Lockdowns pushing hog, poultry raisers to bankruptcy | Inquirer News

Lockdowns pushing hog, poultry raisers to bankruptcy

By: - Reporter / @kocampoINQ
/ 05:01 AM August 05, 2021


The series of lockdowns in the country is pushing most food producers to the brink of collapse as demand even for basic commodities such as meat and fish is expected to decline during the two-week lockdown in Metro Manila starting Aug. 6.

Making matters worse is Agriculture Secretary William Dar’s statement, issued in a press briefing on Wednesday, that the agency would not be giving dole-outs to agricultural workers and related businesses.


Leaders of the poultry, livestock and fisheries industries said the closure of nonessential establishments as part of the strict enhanced community quarantine in Metro Manila and nearby provinces would lead to thousands of job losses and, in turn, to lower consumption of their products.


Backyard poultry raisers in particular are expected to reduce operations again to prevent further losses.

“Although our production is already low, the consumption and demand are much lower. In meat, we have an oversupply [that is being] worsened by the arrival of imports,” said United Broilers Raisers Association president Bong Inciong. “Everyone’s problem is demand because people don’t have the money to buy anymore.”

Lower prices

Price monitoring reports of the Department of Agriculture (DA) showed that chicken and pork prices had declined slightly from their levels a week ago. Fish prices were stable as the dampened demand was offset by the reduced production after recent typhoons prevented fishers from going out to sea.

Edwin Chen, president of the Pork Producers Federation of the Philippines, said they were seeing the same trends in the livestock industry.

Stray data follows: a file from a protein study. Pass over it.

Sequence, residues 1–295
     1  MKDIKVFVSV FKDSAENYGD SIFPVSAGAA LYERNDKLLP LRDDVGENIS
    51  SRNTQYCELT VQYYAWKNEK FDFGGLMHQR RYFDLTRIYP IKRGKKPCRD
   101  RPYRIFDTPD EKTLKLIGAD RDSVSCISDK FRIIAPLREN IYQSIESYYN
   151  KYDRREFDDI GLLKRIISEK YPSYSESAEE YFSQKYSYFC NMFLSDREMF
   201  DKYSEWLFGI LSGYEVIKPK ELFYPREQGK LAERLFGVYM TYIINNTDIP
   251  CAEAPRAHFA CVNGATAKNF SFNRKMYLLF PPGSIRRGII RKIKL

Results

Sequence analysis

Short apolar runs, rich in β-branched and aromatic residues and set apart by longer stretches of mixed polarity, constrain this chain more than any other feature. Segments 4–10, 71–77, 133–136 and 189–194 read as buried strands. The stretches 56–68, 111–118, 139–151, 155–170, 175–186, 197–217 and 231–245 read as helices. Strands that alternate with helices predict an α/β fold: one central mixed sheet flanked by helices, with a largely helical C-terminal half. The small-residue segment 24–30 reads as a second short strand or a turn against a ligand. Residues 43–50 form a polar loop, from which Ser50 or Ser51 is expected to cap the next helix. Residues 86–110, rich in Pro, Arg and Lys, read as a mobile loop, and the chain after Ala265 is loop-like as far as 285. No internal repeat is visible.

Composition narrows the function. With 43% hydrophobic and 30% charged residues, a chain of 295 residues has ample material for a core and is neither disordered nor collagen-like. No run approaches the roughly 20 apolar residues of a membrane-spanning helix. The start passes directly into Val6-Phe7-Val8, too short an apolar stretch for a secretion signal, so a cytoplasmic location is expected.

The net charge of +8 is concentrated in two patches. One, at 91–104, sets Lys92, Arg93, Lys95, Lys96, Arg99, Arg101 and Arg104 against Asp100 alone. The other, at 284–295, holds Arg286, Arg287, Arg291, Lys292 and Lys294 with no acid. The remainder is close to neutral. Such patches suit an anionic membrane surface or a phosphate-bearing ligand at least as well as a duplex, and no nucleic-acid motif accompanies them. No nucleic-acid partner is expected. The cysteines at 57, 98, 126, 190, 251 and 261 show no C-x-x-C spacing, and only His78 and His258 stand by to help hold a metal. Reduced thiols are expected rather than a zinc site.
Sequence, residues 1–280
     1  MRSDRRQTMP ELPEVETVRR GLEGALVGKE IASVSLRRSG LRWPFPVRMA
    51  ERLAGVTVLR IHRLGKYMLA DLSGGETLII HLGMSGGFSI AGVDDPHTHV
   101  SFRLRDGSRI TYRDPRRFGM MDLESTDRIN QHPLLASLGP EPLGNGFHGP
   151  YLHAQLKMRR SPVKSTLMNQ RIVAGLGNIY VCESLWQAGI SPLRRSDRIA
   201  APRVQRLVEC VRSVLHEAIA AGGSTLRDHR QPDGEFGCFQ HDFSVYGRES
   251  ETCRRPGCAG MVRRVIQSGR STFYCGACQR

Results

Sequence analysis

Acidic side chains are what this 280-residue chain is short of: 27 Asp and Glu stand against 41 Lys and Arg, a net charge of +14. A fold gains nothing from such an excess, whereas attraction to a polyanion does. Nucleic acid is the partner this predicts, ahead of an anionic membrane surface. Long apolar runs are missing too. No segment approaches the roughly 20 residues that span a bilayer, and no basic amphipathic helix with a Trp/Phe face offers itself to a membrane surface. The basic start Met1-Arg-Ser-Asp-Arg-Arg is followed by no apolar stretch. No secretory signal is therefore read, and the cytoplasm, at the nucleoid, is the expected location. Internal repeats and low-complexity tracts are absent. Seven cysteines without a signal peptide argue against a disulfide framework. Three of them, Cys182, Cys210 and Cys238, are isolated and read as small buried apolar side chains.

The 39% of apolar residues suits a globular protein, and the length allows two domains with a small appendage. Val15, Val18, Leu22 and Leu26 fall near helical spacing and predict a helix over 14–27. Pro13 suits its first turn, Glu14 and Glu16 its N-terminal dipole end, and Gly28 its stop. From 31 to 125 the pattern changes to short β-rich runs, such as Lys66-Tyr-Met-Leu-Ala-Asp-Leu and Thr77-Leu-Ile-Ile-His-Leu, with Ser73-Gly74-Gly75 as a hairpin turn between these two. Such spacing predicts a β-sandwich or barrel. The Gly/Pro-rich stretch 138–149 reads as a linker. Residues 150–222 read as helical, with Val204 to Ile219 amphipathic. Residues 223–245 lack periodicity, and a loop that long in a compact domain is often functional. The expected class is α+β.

He noted that as the two-week lockdown neared, panic buying might be exclusive only to the rich, who would most likely troop to supermarkets than to public markets.

The plight of hog raisers could be worse. Unlike in poultry, the production cycle for hogs is 10 months against chicken’s 30 days. This means those in the livestock industry cannot immediately stop production to at least cut losses.


“There’s no adjustment for us here. We cannot do anything,” said Alfred Ng, a hog raiser in Sta. Maria, Bulacan.

“Some may just decide to sell their piglets to avoid the high production costs. Aside from the low demand, the pandemic and the African swine fever, we are also going up against imports. Just imagine that,” Ng said.

As of July 5, the National Meat Inspection Service reported that 97 percent and 66 percent of the country’s chicken and pork inventories were imported. The volume does not include pork shipments—imported at lower tariffs—that are scheduled to arrive in October.

Joseph Sonny Jeruele, a fishing boat captain in Infanta, Pangasinan, said the lockdown would likely leave his family hungry, adding that their crew had not sailed since Typhoon “Fabian” entered the country and the bad weather caused by the southwest monsoon or “habagat.”

Jeruele works with 22 other fishermen whose main livelihood is fishing.

Favored sector

Rice farmers tilling two hectares and less would be better off as they would be entitled to cash assistance worth P5,000 by October, according to DA spokesperson Noel Reyes.

The money would come from excess rice tariff collections amounting to P7.6 billion.

The Philippine Statistics Authority has yet to provide data on palay prices since January this year, but farmers’ groups say staple crops such as rice and corn have been faring well despite the pandemic.

As of Wednesday, the price of well-milled rice remained stable at an average of P44 a kilo. Prices of special and premium rice hovered between P46 and P52 a kilo.

Corn prices, however, skyrocketed to a 10-year high of P22 a kilo from the prevailing rate of P14.50, prompting the DA to consider slashing the tariffs on imported corn to bring down the cost of raising poultry and livestock that use yellow corn as a primary ingredient for animal feed.

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Vegetable prices also increased this week due to the recent typhoon that hampered the movement of vegetables from upland areas, according to Agriculture Undersecretary Ariel Cayanan. INQ

TAGS: hog industry

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